UV photofunctionalization

For treating implant surfaces, the commercially available TheraBeamAffiny UV system was utilized for 15 minutes for an automatic program of UV exposure.

Hydrogen peroxide solution treatment

Implants were treated in 2.5 w/v % concentration H2O2 solution at 121°C for 10 minutes in the autoclave vessel. Thin oxide film formed on H2O2 -treated implant was isolated from the substrate and was subjected to the transmission electron diffraction (at 150 kV) to identify the crystalline structures.


Mectron Piezosurgery II system was employed (Mectron SPA, Carasco, Italy). The average operation time was about 10 minutes including exchanging times of 4 to 5 insert chips. The load that patients can feel is so light that this operation normally does not provide any unnecessary anxiety on patients. The implant placement was performed by routine procedure, regardless of the surface conditions of implants and implant placement site preparation. Tooth extractions were performed as a traumatic as possible, followed by an immediate placement of implants. Local anesthesia was conducted through the local infiltration with the articaine (with adrenaline).

ISQ scale evaluation

The ISQ (implant stability quotient) is the value on a scale, indicating the level of stability and osseointegration in dental implants and is obtained using the resonance frequency analysis (RFA) [15]. In our studies, the OSSTELL ISQ system was used. The ISQ scales were measured at two directions, i.e., lingual and buccal sides. In table 1, a pair (for example, 77-80 for case No.1) indicates that ISQ 77 measured at lingual side and ISQ 80 obtained at buccal side. ISQ scale measurements were conducted at immediate after the implant placement (even before the suturing), designated as ISQ@I, and those measured at the time of the first loading, designated as ISQ@L, respectively. In addition, since the changes in ISQ scales between ISQ@I and ISQ@L (namely, ΔISQ) should indicate an overall stability of placed implants, the change rates (= [ΔISQ/ISQ@I] × 100 in %) are also analyzed and proposed here to provide a useful implant stability indicator.

No. Implant 2021 Loc Type Treatment Age Sex ISQ@I Days bet. I/L ISQ@L ΔISQ ΔISQ rate (%)
1 01/23 15 TS3 H <60 M 77-80 35 76-76 -3 -3.8
2 01/23 25 TS3 UV/H <60 M 74-80 35 76-75 0 0
3 01/25 16 SS3 H >60 M 66-66 26 67-68 1 1.5
4 02/06 21 TS3 UV/H <60 M 09-09 90 86-62 65 710
5 02/18 14 GM H <60 M 79-79 46 70-74 -7 -8.9
6 02/18 16 GM H <60 M 52-59 127 77-81 24 43.6
7 02/18 34 GM UV/H <60 M 80-80 39 76-76 -4 -5.0
8 02/18 36 GM UV/H <60 M 66-67 39 69-69 3 4.6
9 02/26 46 TS4 UV/H >60 F 81-81 52 80-81 0 0
10 02/27 15 GM H >60 M 77-77 37 78-78 1 1.3
11 03/01 44 GM H >60 M 65-59 84 57-57 -5 -8.1
12 03/01 45 GM H >60 M 77-76 42 76-76 0 0
13 03/06 15 GM UV/H >60 F 62-62 56 70-70 8 12.9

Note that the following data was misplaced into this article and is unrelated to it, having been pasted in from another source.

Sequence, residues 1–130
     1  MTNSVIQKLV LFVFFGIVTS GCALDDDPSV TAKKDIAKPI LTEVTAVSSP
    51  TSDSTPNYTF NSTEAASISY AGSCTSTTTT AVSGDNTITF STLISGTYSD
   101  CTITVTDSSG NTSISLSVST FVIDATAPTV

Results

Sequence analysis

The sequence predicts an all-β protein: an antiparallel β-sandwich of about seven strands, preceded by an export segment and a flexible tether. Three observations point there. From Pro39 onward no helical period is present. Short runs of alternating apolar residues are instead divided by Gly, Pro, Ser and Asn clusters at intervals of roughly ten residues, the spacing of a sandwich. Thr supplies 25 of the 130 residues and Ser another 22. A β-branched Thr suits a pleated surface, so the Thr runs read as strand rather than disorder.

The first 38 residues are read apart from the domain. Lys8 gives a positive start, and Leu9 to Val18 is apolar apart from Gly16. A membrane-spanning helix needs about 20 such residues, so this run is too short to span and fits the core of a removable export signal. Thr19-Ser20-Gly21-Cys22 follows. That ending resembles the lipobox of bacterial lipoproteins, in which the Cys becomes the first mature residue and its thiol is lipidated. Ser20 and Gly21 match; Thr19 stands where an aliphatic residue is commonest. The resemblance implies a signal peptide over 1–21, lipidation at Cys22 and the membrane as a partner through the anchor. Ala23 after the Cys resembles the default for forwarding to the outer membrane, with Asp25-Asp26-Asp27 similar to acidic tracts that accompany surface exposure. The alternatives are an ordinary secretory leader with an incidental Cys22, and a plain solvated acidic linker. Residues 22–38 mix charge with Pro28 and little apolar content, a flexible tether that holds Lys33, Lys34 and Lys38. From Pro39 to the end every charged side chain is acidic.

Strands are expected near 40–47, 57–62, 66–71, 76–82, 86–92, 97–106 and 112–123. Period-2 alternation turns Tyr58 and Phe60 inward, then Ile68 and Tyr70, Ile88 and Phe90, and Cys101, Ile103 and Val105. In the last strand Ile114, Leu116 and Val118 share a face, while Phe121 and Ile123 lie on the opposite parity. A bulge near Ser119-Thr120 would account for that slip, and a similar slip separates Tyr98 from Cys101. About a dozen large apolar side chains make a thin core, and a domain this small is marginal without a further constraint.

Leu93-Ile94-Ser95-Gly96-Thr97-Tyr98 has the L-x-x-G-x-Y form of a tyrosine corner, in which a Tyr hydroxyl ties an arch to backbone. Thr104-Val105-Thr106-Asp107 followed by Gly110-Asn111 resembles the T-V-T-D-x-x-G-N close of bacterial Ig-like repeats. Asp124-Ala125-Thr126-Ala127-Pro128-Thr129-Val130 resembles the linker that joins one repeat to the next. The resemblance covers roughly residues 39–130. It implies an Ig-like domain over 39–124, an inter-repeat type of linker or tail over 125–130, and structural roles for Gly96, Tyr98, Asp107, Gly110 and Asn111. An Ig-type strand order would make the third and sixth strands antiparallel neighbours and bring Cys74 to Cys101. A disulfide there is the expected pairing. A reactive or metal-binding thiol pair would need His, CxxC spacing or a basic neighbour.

14 03/06 16 GM UV/H >60 F 53-52 65 53-58 2 3.9
15 03/13 22 TS4 UV/H <60 M 63-63 38 69-58 0 0
16 03/15 25 TS3 UV >60 F 66-65 36 60-70 0 0
17 03/15 26 TS3 UV >60 F 70-79 36 69-77 0 0
18 03/18 46 GM UV/H <60 M 71-79 36 79-80 4 5.3
19 03/19 46 TS3 UV/H <60 F 84-84 81 81-81 -3 -3.6
20 03/26 16 TS3 UV/H >60 F 57-63 52 59-67 3 5.0
21 03/27 12 TS3 H <60 M 77-77 56 76-62 -8 -10.4
22 03/27 22 TS3 H <60 M 76-76 56 76-76 0 0
23 03/27 46 TS3 H <60 M 73-73 42 81-82 8 11.0
24 04/03 36 TS4 UV/H <60 M 82-83 33 82-82 0 0
25 04/12 25 TS4 UV/H >60 F 52-48 45 72-81 25 50.0
26 04/13 46 SS3 UV/H <60 M 73-79 30 66-75 -5 -6.6
27 04/17 24 TS4 UV/H >60 M 64-61 37 65-65 3 4.8
28 04/17 26 SS3 UV/H >60 M 68-73 37 65-67 -4 -5.7
29 04/20 46 SS3 UV/H >60 M 63-63 46 74-74 11 17.5
30 04/22 45 SS3 UV/H >60 F 74-74 36 76-79 3 4.1
31 04/23 34 SS3 UV/H >60 M 66-62 35 62-62 -2 -3.1
32 04/23 36 SS3 UV/H >60 M 77-84 35 72-73 -7 -8.8
33 04/27 12 GM UV/H <60 M 78-68 30 73-73 -1 -1.4
34 04/27 22 GM UV/H <60 M 73-72 30 76-65 -1 -1.4
35 04/30 26 GM UV >60 F 59-59 41 63-67 5 8.5
36 05/01 25 TS3 UV/H <60 F 79-79 42 72-72 -5 -6.3
37 05/08 27 GM UV/H >60 M 62-63 72 64-64 2 3.2
38 05/14 47 TS4 UV/H <60 M 42-48 74 57-57 13 29.5
39 05/20 36 UVA UV <60 M 76-77 53 74-72 -3 -4.0
40 05/21 37 TS3 UV >60 F 43-43 68 60-60 17 39.5
41 05/18 25 BLT UV >60 M 56-67 60 66-60 3 4.9
42 05/27 36 TS3 UV/H >60 F 45-57 55 73-73 11 21.6
43 05/28 25 TS4 UV/H <60 F 36-30 63 57-60 25 75.8
44 05/31 26 SS3 UV <60 M 34-34 43 62-62 18 52.9
45 06/03 26 UVA UV >60 F 79-79 40 74-75 -4 -5.1
46 06/11 36 SS3 UV >60 F 64-63 34 78-73 9 14.3
47 06/14 24 TS4 UV >60 F 51-49 36 49-49 -1 -2.0
48 06/17 36 SS3 UV/H >60 M 78-78 39 80-80 2 2.6
49 06/21 11 UVA UV <60 F 80-80 35 75-75 -5 -6.3
50 06/22 36 SS3 UV <60 F 84-84 38 83-82 -1 -1.2
51 07/09 34 TS4 UVH >60 M 76-76 31 81-81 5 6.7
52 07/09 35 TS4 UVH >60 M 77-77 31 78-77 0 0

Table 1: Summary of obtained data in terms of loading date, implant dimension and location, ISQ at placement and loading date and ISQ at loading.
TS3, TS4: OsstemSAed bone-level type implant
SS3: OsstemSAed tissue-level type implant